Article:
Science websites come in a variety of styles and sizes, with aims that range from entertainment to education. The Improving Science Education 5-14 website is large and quite complex, with many internal and external links, but it has one simple purpose: to make life easier for teachers of science 5-14.
"Basically it is all there for you," says science teacher Hamish Budge, who is seconded to develop ISE 5-14 around the Western Isles.
"But, at first glance, it might look a little intimidating and it does take a wee bit of practice before you can navigate confidently around the site.
"Personally I like to try things out and don't get too fazed if something goes wrong. That's the secret I think, not to worry if you make a few mistakes. You also need to spend a little time learning the structure of the site and all the things it can do for you."
A strength of the website, say experienced users, is the way it changes and evolves in response to feedback from teachers.
"The co-ordination of the 5-14 guidelines with resources and assessment materials is a dynamic process," says the network manager, Ian Birrell of the Scottish Schools Equipment Research Centre. "That's why the website has never been launched with a fanfare. At no point could we say the website was finished and would give the answer to life, the universe and everything.
"What we have done is to articulate the environmental studies guidelines with as many examples of good resources as possible.
"As far as I'm aware, there is nothing like our planning spreadsheet available anywhere else."
Mr Budge describes this useful document as "maybe a bit scary" at first sight. "It has the whole plan for 5-14 and takes you from Primary 1 all the way to Secondary 2. At each stage you can scroll across to the attainment targets from the guidelines. And there are links to a range of resources.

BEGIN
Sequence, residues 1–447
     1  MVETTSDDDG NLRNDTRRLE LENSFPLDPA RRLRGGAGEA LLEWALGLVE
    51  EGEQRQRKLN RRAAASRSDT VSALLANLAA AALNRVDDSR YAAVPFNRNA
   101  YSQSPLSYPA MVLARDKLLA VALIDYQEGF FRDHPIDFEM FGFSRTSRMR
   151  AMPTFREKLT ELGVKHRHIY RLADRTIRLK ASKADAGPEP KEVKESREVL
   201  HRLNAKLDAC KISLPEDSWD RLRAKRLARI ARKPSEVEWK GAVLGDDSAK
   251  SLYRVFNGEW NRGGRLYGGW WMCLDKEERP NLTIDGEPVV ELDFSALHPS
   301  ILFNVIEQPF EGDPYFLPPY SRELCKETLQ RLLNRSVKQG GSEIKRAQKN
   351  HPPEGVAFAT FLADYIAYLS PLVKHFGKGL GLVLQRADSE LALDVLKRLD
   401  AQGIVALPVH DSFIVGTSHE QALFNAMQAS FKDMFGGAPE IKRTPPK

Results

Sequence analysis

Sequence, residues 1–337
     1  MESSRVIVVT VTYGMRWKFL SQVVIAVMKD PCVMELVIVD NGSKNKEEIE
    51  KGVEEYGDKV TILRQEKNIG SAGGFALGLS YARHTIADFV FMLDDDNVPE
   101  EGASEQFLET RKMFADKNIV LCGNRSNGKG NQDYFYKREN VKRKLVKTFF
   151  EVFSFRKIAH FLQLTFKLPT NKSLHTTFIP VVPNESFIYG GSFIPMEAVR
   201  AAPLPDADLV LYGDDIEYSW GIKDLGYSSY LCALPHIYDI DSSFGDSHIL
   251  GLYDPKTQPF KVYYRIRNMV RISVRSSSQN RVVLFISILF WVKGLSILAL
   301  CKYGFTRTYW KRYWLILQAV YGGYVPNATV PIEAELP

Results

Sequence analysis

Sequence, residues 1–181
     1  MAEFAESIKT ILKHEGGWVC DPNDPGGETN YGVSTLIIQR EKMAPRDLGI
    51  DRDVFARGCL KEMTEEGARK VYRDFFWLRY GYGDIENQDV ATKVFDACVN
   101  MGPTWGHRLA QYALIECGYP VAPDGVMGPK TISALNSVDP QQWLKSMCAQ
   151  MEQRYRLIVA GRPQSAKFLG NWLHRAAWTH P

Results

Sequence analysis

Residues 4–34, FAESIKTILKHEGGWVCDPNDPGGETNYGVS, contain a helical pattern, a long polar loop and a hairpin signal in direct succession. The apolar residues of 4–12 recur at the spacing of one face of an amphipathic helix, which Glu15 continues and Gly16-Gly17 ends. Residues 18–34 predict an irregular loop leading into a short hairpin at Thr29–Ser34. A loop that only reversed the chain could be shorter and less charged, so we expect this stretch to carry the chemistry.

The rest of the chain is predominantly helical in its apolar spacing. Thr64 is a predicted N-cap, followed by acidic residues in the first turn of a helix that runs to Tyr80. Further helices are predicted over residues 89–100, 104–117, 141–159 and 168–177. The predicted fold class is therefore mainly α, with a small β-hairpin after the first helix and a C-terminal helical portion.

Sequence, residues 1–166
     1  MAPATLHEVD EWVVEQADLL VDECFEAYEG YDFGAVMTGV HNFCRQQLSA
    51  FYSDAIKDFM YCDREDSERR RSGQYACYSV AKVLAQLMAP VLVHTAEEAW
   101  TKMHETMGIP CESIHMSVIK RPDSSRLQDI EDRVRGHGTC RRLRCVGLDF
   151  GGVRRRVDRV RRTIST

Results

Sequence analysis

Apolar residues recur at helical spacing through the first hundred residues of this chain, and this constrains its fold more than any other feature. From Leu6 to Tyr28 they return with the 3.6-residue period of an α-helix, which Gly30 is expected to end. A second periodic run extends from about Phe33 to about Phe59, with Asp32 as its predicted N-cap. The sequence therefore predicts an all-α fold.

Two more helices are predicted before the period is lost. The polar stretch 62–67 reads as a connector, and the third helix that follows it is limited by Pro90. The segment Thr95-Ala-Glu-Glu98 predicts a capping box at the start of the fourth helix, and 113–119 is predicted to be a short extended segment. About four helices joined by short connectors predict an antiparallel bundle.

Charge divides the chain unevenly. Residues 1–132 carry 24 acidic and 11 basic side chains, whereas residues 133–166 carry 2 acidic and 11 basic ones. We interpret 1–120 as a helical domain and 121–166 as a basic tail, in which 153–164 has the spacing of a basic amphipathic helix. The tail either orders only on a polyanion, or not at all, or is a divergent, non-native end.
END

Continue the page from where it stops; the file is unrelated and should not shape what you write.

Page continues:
"There are also links to concept cartoons and the Renfrewshire assessments.
It is all there and very useful."
The other good starting point for teachers new to the website, says Mr Birrell, is the framework for planning, where registered users can find all the materials available in the ISE 5-14 exemplar materials pack, which was sent to Scottish schools in November.
Other features of the website include interactive guidelines, an online forum, links to resources, latest news, featured websites, forthcoming events and an entire section, with examples, on the investigative approach in science.
Many of the resources have been developed by teachers across the country through a bottom-up rather than a top-down approach, says Mr Birrell. Colin Duncan, a principal teacher at Mearns Primary, in Newton Mearns, East Renfrewshire, is one of them.
He believes that sharing ideas and a commitment to improve has been fundamental to the success of ISE 5-14. "It's about sharing ideas between schools in a cluster, between schools in a local authority and between schools in different local authorities."
Last year's ISE 5-14 conference was a particularly good example of this philosophy, he says, allowing colleagues around the country to present and share the materials they were developing for the website and the CD-Rom pack.
"What we've got now is very useful, for the primary teacher in particular," says Mr Duncan. "It works across the different attainment levels, keeps it topic-based and very much emphasises the investigative approach."
While ISE 5-14's bottom-up approach has been widely welcomed, there are fears it will not be imitated. "There is a feeling of frustration among teachers," says Mr Budge. "Nobody on the ground seems to be having much influence on what is going on behind closed doors in the science curriculum review.
"It would be nice to see some of the ISE 5-14 ideas - getting teachers to share their views and work together, allowing time for investigations, not having this very content-driven curriculum - coming out in the science review. But we are not seeing much evidence of that happening."
Douglas Blane www.ise5-14.org.uk Framework for planning, www.ise5-14.org.ukPrim3Head2.htm